Results and discussion Figure 1a,b shows the low- and high-magnif

Results and discussion Figure 1a,b shows the low- and high-magnification top-view SEM images of the undoped ZnO nanorods (labeled #1). The sample consists of straight nanorods with uniform diameter of about

200 nm. The uniform hexagonal nanorods are preferentially grown along [0001] direction with smooth surface. Figure 1c,d shows the morphology of the ZnO NWs AR-13324 purchase doped with different In content. It can be seen clearly that the morphology and diameter have changed after In doping. These two samples have similar density and diameter, but the concentration of In dopant are quite different. The In content of the sample showed in Figure 1c (labeled #2) is too low to be detected by EDX, but can be measured by SIMS, as shown in Figure 1e. The ZnO NWs shown in Figure 1d (labeled #3) is heavily doped with In, and the average amount

of In in individual NW is about 1.4 at.%, as demonstrated by EDX in Figure 1f. Figure 1 SEM images and SIMS and EDX spectra. (a) Low and (b) high magnification SEM images of the undoped ZnO nanorods (#1). (c) SEM image and (e) SIMS spectrum of trace In-doped ZnO NWs (#2). (d) SEM image of high content In-doped ZnO NWs (#3). (f) EDX spectrum of individual NW in sample #3. X-ray diffraction was carried out to investigate the structure of the three samples. As shown in Figure 2, the patterns reveal that all the samples have hexagonal wurtzite ZnO structure and no extra peak is buy eFT-508 observed, except the Au (111) and Au (200) peaks, indicating Adenylyl cyclase that no secondary phase exists in all of the three samples. The results suggest the successful incorporation of In into ZnO lattice without altering the crystal structure. Figure 2 XRD patterns of ZnO NWs. Full AG-881 datasheet pattern of undoped (#1) and In-doped (#2, #3) ZnO NWs. No secondary phase is observed in all of the three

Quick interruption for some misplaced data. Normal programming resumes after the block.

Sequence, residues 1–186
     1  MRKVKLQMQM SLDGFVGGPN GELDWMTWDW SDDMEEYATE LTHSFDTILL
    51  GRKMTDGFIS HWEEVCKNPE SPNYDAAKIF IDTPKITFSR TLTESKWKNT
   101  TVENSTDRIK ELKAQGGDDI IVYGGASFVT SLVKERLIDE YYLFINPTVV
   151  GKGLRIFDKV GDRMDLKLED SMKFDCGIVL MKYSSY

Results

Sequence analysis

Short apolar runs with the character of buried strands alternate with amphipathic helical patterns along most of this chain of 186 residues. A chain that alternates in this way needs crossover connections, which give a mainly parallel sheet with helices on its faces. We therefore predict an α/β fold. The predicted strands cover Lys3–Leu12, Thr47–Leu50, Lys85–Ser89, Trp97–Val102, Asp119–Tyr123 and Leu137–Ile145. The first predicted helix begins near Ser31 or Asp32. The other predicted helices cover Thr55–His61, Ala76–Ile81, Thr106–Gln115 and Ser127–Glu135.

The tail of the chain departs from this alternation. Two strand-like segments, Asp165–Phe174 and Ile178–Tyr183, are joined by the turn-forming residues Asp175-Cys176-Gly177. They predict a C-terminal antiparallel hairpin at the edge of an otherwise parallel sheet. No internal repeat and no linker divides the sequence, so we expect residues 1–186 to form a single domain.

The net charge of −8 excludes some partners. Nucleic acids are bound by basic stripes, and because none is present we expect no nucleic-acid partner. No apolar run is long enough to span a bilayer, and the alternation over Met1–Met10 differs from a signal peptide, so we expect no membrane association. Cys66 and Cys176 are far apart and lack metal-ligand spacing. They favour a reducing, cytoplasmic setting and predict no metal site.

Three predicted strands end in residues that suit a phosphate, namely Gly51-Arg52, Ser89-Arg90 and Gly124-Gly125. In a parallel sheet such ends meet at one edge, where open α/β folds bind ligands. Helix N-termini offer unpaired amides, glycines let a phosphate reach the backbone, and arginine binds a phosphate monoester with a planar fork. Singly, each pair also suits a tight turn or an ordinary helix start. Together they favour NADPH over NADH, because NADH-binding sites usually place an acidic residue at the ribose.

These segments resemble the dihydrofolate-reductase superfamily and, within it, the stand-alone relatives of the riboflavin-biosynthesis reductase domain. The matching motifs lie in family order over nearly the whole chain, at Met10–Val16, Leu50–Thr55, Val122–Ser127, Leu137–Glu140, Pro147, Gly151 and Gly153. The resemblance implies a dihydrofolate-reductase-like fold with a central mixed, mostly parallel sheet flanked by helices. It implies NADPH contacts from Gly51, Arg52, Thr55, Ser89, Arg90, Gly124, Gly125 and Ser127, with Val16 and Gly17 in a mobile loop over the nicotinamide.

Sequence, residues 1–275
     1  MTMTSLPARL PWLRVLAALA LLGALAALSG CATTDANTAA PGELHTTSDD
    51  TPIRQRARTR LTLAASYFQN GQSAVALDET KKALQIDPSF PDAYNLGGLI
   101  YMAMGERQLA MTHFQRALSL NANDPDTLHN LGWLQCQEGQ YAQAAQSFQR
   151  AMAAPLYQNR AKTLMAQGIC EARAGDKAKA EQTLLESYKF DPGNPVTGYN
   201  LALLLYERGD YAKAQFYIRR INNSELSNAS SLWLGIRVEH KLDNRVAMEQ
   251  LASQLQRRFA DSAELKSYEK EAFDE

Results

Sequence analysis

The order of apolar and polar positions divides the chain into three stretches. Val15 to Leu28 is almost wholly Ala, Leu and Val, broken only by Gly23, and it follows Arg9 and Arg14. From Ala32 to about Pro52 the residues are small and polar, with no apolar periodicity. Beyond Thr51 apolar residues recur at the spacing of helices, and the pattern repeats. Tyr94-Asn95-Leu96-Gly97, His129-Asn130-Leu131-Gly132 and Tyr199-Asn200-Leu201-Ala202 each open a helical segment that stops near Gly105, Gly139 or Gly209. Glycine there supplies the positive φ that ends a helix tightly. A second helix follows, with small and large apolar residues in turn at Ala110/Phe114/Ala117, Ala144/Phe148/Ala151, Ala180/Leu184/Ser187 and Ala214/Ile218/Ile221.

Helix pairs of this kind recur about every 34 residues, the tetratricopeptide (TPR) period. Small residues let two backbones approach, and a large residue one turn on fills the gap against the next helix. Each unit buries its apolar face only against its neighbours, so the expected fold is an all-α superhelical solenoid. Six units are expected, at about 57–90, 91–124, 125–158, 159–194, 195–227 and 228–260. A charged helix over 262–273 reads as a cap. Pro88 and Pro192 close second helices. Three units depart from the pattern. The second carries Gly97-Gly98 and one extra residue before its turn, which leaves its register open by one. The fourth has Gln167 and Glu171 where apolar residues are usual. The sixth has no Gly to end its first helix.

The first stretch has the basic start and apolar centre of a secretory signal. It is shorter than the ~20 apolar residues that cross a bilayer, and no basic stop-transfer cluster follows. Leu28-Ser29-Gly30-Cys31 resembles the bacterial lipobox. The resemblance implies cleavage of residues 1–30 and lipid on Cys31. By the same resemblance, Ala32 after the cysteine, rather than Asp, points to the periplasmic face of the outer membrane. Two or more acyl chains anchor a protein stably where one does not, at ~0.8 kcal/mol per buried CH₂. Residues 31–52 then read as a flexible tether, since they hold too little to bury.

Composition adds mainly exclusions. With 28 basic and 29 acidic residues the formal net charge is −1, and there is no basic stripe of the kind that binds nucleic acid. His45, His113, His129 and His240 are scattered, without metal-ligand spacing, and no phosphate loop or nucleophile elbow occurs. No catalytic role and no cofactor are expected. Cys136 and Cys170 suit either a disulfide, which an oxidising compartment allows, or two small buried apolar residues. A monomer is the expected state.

samples. In order to further investigate the microstructure of the In-doped samples, TEM and SAED measurements have been carried out over individual In-doped ZnO NW, as shown in Figure 3a,b,c,d,e,f. Significant variation in surface morphology is seen for these two samples. Figure 3a shows the general morphology of the trace In-doped ZnO NWs (#2). It is observed that the NWs in sample #2 have smooth surface with a uniform diameter of about 150 nm. Its HRTEM image (Figure 3b) and corresponding SAED pattern (inset in Figure 3a) reveal a perfect single-crystalline wurtzite ZnO with orientation of [10 0]. The interplanar distance of fringes is measured to be 0.283 nm, which matches well with the value for (10 0) planes in wurtzite ZnO. Figure 3c,d shows that the surface of the high-content In-doped ZnO NWs (#3) has ripple-like edges, which is much rougher than that of sample #2, and its diameter is about 150 nm.

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